Durham County gets first two rabies cases since 2011

mschultz@newsobserver.comFebruary 5, 2013 

  • More information Rabies cases • 6,153 cases of rabies were reported in the lower 48 states and Puerto Rico in 2010. • 92 percent of those cases involved wild animals such as raccoons (36.5 percent), skunks (23.5 percent), bats (23.2 percent) and foxes (7 percent). • 8 percent of rabies cases in 2010 were attributed to domestic species such as cats and dogs. Sources: Durham County Sheriff’s Office, Centers for Disease Control and Prevention

— The Durham County Sheriff’s Office is asking residents to make sure their pets’ rabies vaccinations are up to date after the county’s first two confirmed cases since 2011.

On Jan. 29 a woman in the 2300 block of Strawberry Lane found a dead raccoon in her front yard. An officer determined her dog had probably killed it, and the raccoon was sent to the state Laboratory of Public Health, where it tested positive for rabies.

On Feb. 2, a man in the 2300 block of Alabama Avenue found a dead raccoon in his yard. It also had rabies, the sheriff’s office said Tuesday.

Durham County had no confirmed rabies cases in 2012 after sending 109 specimens for testing, Capt Will Oakley said.

That doesn’t mean there was no rabies in the county, he said. The county only tests animals it thinks may have come in contact with people or other animals.

Durham County had four confirmed cases in 2011 – one bat and three raccoons – and four in 2010 – a cat, horse, fox and skunk, according to state statistics.

The two confirmed cases this year were among 10 animals sent for testing so far, Oakley said.

State law requires any dog, cat, or ferret 4 months and older to be vaccinated. Animals that come in contact with a suspected rabid animal and are current on their vaccine must be revaccinated within five days, under state law. Animals exposed to a confimed rabid animal that are not current on their vaccines must be quarantined for six months at the owner’s expense or euthanized.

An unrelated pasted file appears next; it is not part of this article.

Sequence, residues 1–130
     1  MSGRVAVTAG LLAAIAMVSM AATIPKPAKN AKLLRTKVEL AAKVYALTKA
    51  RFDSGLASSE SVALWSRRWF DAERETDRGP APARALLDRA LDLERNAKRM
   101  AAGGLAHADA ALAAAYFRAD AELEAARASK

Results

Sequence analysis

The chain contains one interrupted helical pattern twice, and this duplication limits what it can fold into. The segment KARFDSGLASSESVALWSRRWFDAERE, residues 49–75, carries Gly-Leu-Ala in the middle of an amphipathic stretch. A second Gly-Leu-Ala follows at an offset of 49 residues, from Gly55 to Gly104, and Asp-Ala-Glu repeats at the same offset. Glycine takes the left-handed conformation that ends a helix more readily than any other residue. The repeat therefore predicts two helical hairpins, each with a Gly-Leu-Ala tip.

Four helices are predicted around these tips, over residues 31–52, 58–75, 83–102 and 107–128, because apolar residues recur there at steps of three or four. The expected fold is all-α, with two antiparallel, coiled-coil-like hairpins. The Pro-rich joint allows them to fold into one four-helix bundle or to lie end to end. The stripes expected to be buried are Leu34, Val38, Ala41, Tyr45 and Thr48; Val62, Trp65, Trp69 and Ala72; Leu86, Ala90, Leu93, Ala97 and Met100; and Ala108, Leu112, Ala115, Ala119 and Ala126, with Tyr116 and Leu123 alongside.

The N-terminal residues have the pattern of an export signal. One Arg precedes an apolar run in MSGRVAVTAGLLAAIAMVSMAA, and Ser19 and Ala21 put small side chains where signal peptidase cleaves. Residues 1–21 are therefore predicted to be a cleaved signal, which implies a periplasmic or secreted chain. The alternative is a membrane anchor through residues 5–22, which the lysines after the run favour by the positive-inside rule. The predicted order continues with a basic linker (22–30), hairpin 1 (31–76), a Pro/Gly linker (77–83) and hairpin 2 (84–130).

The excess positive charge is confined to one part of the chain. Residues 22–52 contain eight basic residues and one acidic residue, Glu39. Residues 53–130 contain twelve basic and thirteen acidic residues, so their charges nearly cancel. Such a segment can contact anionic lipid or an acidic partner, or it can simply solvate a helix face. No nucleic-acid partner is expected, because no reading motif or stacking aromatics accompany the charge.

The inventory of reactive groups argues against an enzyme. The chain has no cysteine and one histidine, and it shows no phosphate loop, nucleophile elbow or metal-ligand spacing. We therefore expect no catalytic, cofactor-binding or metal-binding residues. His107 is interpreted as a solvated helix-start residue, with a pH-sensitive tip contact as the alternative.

“This is why we encourage people to keep their pets current on the rabies vaccine,” Lt. Brendan Hartigan of the sheriff’s Animal Services Division said in a release. “You never know if your dog or cat might encounter a wild animal that’s infected with rabies, and the only way to truly protect them from infection is to ensure they’re vaccinated.”

The state lab tests 4,000 to 5,000 animals a year, said state public health veterinarian Dr. Carl Williams. Once the specimen arrives, it usually can get the test result within a day, he said.

Different species have different results, but generally 40 to 45 percent of the raccoons sent for testing have rabies, Williams said. The percentage is lower for foxes and higher for skunks, he said.

The two rabid raccoons in Durham were found in households with a total of two dogs and one cat, all current on their rabies vaccines, Oakley said. In one case a person may have touched the raccoon or dog and may have begun post-exposure treatment, Oakley said.

The Animal Services Division, at 3005 Glenn Road in Durham, offers one-year rabies vaccines every Tuesday and Thursday from 10 a.m. to noon and 2 to 4 p.m. for $15 to county residents. No appointment is necessary, but photo identification is required and payments must be made in cash. For more information call 919-560-0630.

Orange County, which had 12 rabies cases in 2012, has scheduled 11 low-cost rabies vaccinations this year. The next clinic is 3 to 5 p.m.. Feb. 14, at the Animal Services Center, 1601 Eubanks Road in Chapel Hill. One-year vaccinations cost $10.

Schultz: 919-932-2003

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